The footage appeared to have been taken from the point of view of the killer, perhaps from a camera hung around his neck, according Tarrouche, who described the video to BFM television station. He said they were a bit shaky but of a high technical quality.

"You can hear gunshots at the moment of the killings. You can hear the voice of this person who has committed these assassinations. You can hear also the cries of the victims, and the voices were distorted," Tarrouche said.

The footage was contained on a USB key sent with a letter to the Paris office of the Qatar-based television company, Tarrouche said. The letter, written in poor French with spelling and grammar errors, claimed the shootings were carried out in the name of al-Qaida. The second official said it was hand written in all capital letters.

The channel said the video was received from an anonymous source on Monday and immediately passed it on to French police. It decided not to show the images.

"In accordance with Al Jazeera's Code of Ethics, given the video does not add any information that is not already in the public domain, its news channels will not be broadcasting any of its contents," the broadcaster said in a statement.

Al-Jazeera said it had received many requests by media to look at the video but it would deny all of them.

That decision came after Sarkozy, other French officials and family members of the victims had asked that it not be broadcast.

"I ask the managers of all television stations that might have these images not to broadcast them in any circumstances, out of respect for the victims ' out of respect for the Republic," Sarkozy said Tuesday.

Tarrouche said the Paris prosecutor, whose office is leading the investigation, had also called to explain the consequences of disseminating the images. But Tarrouche said the prosecutor said he would not prohibit the channel from "doing its work as journalists."

Al-Jazeera was frequently used early in the Iraq and Afghan wars as a conduit for militants, including Osama bin Laden, to distribute taped statements. As the Iraq war progressed, many of these tapes included gruesome killings and beheadings of Western or foreign hostages, although the station edited out some of the grisliest scenes at the moment of death.

The broadcasts drew outrage, especially from the U.S. government. Over time, most militant groups opted instead for posting such videos on their own websites, where they were not subject to outside editing.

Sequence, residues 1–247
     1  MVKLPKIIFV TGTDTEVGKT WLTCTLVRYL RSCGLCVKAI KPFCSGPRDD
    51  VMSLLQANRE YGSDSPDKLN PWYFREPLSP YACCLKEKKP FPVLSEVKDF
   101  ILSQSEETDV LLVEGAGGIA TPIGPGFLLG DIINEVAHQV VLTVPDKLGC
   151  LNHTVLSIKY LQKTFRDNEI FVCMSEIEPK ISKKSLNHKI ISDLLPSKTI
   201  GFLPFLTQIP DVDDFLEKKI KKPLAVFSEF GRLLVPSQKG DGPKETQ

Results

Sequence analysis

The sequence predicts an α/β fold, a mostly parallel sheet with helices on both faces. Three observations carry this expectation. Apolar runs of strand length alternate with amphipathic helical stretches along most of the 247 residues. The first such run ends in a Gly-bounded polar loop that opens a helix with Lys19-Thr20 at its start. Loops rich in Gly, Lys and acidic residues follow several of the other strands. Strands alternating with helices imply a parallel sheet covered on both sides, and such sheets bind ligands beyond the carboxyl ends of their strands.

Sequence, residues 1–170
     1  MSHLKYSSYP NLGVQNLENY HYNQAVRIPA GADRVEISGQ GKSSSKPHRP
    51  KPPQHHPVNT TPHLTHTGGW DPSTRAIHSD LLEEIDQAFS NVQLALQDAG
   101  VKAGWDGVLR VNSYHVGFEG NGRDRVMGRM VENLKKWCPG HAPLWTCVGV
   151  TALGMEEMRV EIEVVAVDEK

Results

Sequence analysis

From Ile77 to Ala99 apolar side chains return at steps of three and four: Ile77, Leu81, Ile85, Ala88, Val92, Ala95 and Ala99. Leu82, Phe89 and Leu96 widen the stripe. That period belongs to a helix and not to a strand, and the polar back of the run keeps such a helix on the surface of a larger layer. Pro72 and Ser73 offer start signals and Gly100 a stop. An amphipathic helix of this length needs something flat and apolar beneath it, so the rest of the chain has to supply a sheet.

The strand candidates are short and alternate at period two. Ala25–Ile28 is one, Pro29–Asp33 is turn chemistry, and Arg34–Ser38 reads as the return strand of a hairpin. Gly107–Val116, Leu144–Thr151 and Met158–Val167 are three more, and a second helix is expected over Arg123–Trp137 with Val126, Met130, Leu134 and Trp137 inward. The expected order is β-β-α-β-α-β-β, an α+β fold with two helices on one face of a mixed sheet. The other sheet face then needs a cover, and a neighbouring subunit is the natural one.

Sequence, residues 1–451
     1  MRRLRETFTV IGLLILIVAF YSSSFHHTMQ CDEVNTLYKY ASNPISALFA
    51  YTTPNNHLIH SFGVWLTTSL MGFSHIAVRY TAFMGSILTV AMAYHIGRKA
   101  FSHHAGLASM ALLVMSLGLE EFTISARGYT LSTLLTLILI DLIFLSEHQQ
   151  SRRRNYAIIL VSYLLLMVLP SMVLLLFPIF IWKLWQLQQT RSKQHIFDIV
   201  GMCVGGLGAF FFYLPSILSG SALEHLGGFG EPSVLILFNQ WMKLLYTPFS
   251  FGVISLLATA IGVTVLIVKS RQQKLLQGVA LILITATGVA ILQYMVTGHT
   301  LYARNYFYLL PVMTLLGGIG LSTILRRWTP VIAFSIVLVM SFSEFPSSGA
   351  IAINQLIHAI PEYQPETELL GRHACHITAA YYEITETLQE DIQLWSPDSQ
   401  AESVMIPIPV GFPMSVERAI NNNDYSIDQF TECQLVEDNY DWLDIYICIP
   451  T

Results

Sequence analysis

Meanwhile, Merah's father, who was estranged from his son and lives in Algeria, has reportedly said he wants to file a complaint for Mohamed's death. In his address, Sarkozy expressed outrage at that idea.

Sarkozy, in the middle of a tough re-election campaign, has announced a raft of new measures aimed at preventing the spread and incubation of radical ideas, including penalizing those who regularly consult websites that promote jihad.

On Tuesday, he said wanted to speed up the process of expelling radicals from France as well as prevent them from ever entering.

"Extremists are playing with our administrative formalities. Our job is to be more efficient," he said. "Preachers who continually target our system can stay where they are. We don't want them on the soil of the French Republic."

Meanwhile, another brother, Abdelghani, told a religious representative that the family wants Mohamed Merah's body to be buried in Algeria.

The funeral home was to make the request Tuesday with the Algerian consulate, and the body would be transferred Thursday if the authorization is granted, Abdallah Zekri, a representative of the Paris Mosque in charge of Toulouse.

Abdelghani Merah initially wanted the body buried in France, but insisted he would not attend any funeral of his younger brother, "who he considers a monster," according to Zekri.

Ultimately the brother gave in to his mother's wishes, Zekri said.


Associated Press writer Sylvie Corbet in Paris contributed to this story.